Set in the rurals of Australia, The Lost Man slaps you in the face with the stark reality of just how isolating life can be in the outback. I’ve moved around a lot, sometimes to what I’d call “rural” areas, but I’ve never lived outside the UK and, well, our “rural” just doesn’t cut it when you look at Australia. The sense of space, of being the only humans around for days, seeps into every corner of the story.

It begins with the news that a man has died. Out by an old gravestone, he seems to have become so dehydrated that his body just gave up. The marks of his feet in the sand make a sickening sundial around his corpse.

The ones who find him and have to deal with the fallout are his brothers: two of them, from a family that has its fractious relationships like any other, but out here in the middle of nowhere it’s paradoxically even less easy to find space to escape from those who might want to argue with us, or hurt us… or kill us?

Because there’s no way Cameron just got out of his truck and walked into the relentless Australian sun. Growing up on the land, he had a full awareness of how the outback would bake anything to death: animal, mineral or human. So what was he doing out at the stockman’s grave? Did the isolation finally get the better of him? As his brothers discover the truth of his relationships and business interests, they come to wonder whether they ever really knew Cameron at all.

In characteristic fashion, The Lost Man grips the reader all the way through and provides a twist so surprising that even I didn’t see it coming. And I read a *lot* of crime fiction.

Definitely recommended.

The Secret History by Donna Tartt


“Under the influence of their charismatic classics professor, a group of clever, eccentric misfits at an elite New England college discover a way of thinking and living that is a world away from the humdrum existence of their contemporaries. But when they go beyond the boundaries of normal morality their lives are changed profoundly and for ever.”

I loved this book. I read The Goldfinch a while ago and enjoyed it, but it didn’t rock my world. This one was on the shelf in a cottage I was staying in, and I picked it up and read it. And it was excellent. Lord of the Flies goes to university.

The Idiot by Elif Batuman

“The year is 1995, and email is new. Selin, the daughter of Turkish immigrants, arrives for her freshman year at Harvard. She signs up for classes in subjects she has never heard of, befriends her charismatic and worldly Serbian classmate, Svetlana, and, almost by accident, begins corresponding with Ivan, an older mathematics student from Hungary. Selin may have barely spoken to Ivan, but with each email they exchange, the act of writing seems to take on new and increasingly mysterious meanings.

At the end of the school year, Ivan goes to Budapest for the summer, and Selin heads to the Hungarian countryside, to teach English in a program run by one of Ivan’s friends. On the way, she spends two weeks visiting Paris with Svetlana. Selin’s summer in Europe does not resonate with anything she has previously heard about the typical experiences of American college students, or indeed of any other kinds of people. For Selin, this is a journey further inside herself: a coming to grips with the ineffable and exhilarating confusion of first love, and with the growing consciousness that she is doomed to become a writer.”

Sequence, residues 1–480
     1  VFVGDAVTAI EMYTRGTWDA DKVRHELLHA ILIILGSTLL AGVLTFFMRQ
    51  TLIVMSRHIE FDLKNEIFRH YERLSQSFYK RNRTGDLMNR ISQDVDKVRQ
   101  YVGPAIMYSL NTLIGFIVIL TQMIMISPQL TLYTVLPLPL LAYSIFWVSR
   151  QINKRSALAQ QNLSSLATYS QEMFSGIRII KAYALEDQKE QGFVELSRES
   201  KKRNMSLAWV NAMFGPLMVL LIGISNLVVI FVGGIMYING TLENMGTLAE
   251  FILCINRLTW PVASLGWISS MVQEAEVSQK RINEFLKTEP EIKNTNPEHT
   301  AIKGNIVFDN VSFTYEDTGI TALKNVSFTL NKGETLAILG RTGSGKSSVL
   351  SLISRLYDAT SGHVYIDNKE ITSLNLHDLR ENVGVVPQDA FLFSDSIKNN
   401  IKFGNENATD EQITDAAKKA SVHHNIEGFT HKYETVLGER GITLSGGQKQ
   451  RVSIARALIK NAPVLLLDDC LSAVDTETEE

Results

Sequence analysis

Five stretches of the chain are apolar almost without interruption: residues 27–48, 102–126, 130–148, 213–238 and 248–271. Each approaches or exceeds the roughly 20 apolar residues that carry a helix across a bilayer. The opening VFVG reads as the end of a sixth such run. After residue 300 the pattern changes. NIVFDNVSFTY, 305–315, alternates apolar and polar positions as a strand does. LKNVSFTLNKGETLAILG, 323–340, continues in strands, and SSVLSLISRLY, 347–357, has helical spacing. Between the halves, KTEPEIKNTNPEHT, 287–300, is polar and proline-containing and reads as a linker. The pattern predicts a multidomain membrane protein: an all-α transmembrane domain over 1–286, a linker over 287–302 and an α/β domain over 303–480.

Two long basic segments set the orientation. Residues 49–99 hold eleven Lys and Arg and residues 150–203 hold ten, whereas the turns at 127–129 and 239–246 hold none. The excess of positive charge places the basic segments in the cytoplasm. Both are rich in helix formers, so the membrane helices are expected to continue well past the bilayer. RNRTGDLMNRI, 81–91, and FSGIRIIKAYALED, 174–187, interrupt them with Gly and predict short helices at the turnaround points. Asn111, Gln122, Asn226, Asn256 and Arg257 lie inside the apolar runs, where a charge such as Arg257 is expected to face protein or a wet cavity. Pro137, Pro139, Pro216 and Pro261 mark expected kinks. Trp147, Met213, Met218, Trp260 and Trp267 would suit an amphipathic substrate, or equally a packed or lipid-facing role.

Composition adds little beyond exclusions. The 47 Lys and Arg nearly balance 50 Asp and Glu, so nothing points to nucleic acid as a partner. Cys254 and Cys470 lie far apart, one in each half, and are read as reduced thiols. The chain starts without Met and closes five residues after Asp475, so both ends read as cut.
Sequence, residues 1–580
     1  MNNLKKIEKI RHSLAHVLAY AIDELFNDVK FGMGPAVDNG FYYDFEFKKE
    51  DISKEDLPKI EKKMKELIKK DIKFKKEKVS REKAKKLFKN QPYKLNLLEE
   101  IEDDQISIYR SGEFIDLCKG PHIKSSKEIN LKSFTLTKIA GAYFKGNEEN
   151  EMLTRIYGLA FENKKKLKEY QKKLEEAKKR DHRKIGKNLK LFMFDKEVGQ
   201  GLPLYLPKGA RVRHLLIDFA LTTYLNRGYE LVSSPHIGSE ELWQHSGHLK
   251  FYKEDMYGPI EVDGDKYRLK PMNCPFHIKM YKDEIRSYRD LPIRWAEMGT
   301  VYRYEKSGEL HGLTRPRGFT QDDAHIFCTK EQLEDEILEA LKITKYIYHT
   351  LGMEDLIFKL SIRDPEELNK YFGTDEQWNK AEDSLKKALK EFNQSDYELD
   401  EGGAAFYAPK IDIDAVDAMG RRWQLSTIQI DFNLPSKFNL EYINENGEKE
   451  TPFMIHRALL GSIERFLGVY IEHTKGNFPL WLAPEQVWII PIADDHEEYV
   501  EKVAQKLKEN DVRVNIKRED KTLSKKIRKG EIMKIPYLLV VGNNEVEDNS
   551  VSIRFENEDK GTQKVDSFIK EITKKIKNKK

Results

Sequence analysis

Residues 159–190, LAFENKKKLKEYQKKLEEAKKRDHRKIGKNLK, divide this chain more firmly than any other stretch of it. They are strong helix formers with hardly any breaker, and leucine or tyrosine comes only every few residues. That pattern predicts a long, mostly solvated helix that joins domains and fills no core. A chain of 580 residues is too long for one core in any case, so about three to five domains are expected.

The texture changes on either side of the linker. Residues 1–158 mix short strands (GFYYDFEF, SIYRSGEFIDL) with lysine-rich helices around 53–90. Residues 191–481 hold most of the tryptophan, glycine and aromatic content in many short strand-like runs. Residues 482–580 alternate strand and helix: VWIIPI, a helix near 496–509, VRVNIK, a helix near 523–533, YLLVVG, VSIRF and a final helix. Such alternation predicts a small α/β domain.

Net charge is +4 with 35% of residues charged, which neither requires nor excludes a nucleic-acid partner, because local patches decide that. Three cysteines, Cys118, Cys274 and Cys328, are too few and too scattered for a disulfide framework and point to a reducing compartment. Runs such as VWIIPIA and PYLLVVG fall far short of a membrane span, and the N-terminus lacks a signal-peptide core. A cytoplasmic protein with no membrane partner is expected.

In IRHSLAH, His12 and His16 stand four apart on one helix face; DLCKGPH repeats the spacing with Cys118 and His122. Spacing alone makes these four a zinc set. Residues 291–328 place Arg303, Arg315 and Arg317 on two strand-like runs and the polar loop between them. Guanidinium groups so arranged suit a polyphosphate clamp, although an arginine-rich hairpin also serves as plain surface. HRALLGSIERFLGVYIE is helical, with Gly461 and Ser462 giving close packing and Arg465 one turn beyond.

I very much enjoyed this book. I wanted to stay longer in Selin’s world of quiet disconnected observation. It gave me a book hangover for quite a while.

The Yellow Wallpaper by Charlotte Gilman

This one was a re-read, and I enjoyed it just as much the second time around, although knowing the twist was coming did make it slightly less deliciously scary.

It was written back when doctors used to give out “rest cures” for hysteria – a form of treatment that involved a woman being sent away to lie in bed in a country house for weeks on end. While for many of us busy folks that might sound like a fun way to while away some time, imagine not being allowed to do anything for weeks: you can’t read, can’t sew, can’t cook, can’t go for a walk, can’t engage anyone in intellectual conversation. All you can do is lie on your bed and stare at the wallpaper.

It’s enough to drive anyone mad, and that was exactly Gilman’s point: The Yellow Wallpaper is a haunting depiction of the protagonist’s descent into madness brought on, ironically, by an alleged cure.

I think everyone should read it. It’s very short: you can find it online, since it’s out of copyright.

What were your favourite fiction books you read this year?

Previous years: 2015 | 2016 | 2017 | 2018

Published by

Scarlett de Courcier

Used to investigate cybercrimes, now training as an existential psychotherapist. Writer (novel rep'd by Intersaga). Solitude advocate. Kierkegaardian. She/her